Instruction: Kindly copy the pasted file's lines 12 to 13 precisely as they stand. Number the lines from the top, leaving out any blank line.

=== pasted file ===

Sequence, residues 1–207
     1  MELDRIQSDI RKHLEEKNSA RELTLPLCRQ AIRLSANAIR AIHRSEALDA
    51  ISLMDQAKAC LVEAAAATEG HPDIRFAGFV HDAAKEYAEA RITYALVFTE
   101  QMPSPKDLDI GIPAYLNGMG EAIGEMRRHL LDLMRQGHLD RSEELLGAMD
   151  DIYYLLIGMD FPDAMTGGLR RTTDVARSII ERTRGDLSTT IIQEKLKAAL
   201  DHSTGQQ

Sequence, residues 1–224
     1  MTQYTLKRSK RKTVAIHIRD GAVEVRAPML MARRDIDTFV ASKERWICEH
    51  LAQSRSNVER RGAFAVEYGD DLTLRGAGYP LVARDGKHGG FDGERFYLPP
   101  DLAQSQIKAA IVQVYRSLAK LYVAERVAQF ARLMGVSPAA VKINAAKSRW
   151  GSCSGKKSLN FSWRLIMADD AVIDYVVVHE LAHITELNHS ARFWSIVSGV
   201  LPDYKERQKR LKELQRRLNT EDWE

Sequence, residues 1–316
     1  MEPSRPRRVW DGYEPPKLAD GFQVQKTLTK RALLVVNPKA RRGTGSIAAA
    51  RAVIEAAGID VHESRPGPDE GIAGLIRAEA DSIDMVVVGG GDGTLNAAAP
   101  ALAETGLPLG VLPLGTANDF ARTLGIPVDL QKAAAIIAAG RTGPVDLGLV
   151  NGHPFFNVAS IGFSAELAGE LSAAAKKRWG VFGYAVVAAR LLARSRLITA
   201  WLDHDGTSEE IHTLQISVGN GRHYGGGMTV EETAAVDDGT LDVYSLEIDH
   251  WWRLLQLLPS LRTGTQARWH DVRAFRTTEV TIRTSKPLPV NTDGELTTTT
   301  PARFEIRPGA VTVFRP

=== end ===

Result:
   201  LPDYKERQKR LKELQRRLNT EDWE

Sequence, residues 1–316